WASHINGTON -- An Indian-American legal luminary has been nominated by US President Donald Trump to a key judicial position on the powerful US court of appeals.
Amul Thapar, 47, who in 2007 became the first South Asian Article III judge when he was appointed as a US District Judge for the Eastern District of Kentucky, is the first Indian-American to be nominated by Trump for a top judicial post yesterday.
If confirmed by the Senate, Thapar will be part of the powerful US 6th Circuit Court of Appeals, which hears appeals from Kentucky, Tennessee, Ohio and Michigan.
Thapar was among the 20 judges whose names Trump had released during his presidential campaign as shortlisted candidates for his Supreme Court nominees.
Senate Majority Leader Mitch McConnell applauded Trump for announcing his intent to nominate Thapar to serve on the Sixth Circuit Court of Appeals.
"Throughout his already impressive career of public service, Amul has shown an incredible intellect and an unshakable dedication to the law," McConnell said.
"He has earned the respect of his colleagues, and I know that he will bring to the Sixth Circuit the same wisdom, fairness, and ability that he has shown on the District Court. President Trump made an outstanding choice and I look forward to the Senate's confirmation of Judge Thapar," the Senate Majority leader said in a statement.
The South Asian Bar Association of North America (SABA) which is normally critical of Trump, lauded Trump for his intent.
"Judge Thapar is a respected and thoughtful jurist who has long served as role model for the South Asian and greater legal community," said Vichal Kumar, SABA president.
"Despite being among the youngest judges in the federal judiciary, Judge Thapar quickly established a reputation as a top legal scholar among his peers. His nomination furthers SABA's mission of ensuring a judiciary that reflects the diversity of our country and we anticipate that his eminent qualifications will earn him a swift confirmation," Kumar said.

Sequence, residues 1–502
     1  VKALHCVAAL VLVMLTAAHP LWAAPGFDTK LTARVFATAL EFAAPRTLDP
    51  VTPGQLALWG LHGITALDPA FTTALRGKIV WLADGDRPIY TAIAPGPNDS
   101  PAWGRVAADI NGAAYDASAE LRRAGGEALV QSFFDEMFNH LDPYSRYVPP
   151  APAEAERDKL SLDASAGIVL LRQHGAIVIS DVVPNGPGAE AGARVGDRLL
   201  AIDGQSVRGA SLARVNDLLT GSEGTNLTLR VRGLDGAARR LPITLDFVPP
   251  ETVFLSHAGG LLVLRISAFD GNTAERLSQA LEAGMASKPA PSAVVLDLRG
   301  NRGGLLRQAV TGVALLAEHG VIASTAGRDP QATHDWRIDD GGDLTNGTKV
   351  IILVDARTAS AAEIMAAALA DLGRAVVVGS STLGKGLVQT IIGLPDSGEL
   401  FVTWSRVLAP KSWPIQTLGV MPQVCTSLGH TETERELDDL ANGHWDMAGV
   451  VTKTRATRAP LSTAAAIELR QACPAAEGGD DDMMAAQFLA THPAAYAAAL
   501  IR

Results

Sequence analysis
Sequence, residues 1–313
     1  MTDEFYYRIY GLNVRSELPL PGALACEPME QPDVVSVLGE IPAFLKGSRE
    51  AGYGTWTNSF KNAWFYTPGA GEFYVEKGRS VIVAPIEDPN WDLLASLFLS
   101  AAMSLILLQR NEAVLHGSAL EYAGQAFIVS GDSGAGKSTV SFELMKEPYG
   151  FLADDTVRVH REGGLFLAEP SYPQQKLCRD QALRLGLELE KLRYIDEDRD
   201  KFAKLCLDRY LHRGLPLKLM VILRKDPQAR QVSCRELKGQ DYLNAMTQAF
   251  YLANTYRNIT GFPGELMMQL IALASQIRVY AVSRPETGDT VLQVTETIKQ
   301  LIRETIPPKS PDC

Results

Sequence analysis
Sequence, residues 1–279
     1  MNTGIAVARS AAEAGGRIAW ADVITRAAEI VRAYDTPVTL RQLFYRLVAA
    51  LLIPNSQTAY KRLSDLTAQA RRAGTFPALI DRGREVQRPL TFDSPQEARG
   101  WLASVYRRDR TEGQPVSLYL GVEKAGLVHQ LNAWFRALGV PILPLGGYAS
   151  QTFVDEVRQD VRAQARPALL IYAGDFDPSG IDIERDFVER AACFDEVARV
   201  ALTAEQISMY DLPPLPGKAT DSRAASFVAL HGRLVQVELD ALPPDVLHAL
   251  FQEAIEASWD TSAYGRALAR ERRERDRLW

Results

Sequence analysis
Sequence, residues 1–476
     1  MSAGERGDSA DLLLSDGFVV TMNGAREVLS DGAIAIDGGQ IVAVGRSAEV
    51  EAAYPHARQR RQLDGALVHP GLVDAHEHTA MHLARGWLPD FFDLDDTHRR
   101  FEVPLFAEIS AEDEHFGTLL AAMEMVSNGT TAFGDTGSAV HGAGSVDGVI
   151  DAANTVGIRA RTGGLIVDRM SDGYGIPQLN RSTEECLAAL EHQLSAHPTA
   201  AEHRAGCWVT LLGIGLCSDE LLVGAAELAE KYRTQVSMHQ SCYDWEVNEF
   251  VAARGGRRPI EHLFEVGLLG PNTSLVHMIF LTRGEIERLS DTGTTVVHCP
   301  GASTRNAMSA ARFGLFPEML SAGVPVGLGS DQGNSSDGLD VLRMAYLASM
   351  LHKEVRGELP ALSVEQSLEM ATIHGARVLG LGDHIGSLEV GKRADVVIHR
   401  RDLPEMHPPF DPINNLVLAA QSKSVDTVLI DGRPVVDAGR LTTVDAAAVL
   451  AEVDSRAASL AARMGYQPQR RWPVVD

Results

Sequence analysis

Prior to joining the bench, Thapar, winner of SABA's Pioneer Award, served as the US Attorney for the Eastern District of Kentucky from 2006-2007, where he was one of the first American Attorneys of South Asian descent.
During that period, Thapar was appointed to the Attorney General's Advisory Committee (AGAC) and chaired the AGAC's Controlled Substances and Asset Forfeiture subcommittee.
He also served on the Terrorism and National Security subcommittee, the Violent Crime subcommittee, and Child Exploitation working group.
Thapar has also worked for the law firms of Williams & Connolly in Washington, DC and Squire, Sanders & Dempsey in Cincinnati, Ohio, and served as an Assistant US Attorney in both the Southern District of Ohio and the District of Columbia.
Between 1994 and 1997, he served as a law clerk to the Honourable S Arthur Spiegel, who sits on the US District Court for the Southern District of Ohio, and the Honourable Nathaniel R Jones, who sat on the US Court of Appeals for the Sixth Circuit.
He earned his undergraduate degree from Boston College and his law degree from the University of California, Berkeley.
Born in Detroit, Michigan in 1969, Thapar was nominated by George W Bush on 24 May, 2007 to a seat vacated by Joseph M Hood.
He was confirmed by the Senate on 13 December, 2007 and received commission on 4 January, 2008.
Thapar served as an Adjunct Professor at Georgetown University Law Center, and also was an Adjunct Professor at the University of Cincinnati College of Law, where he taught Federal Criminal Practice.
While Thapar is a Trump supporter, his father Raj Thapar, who owns a heating and air-conditioning business, is an Obama supporter.
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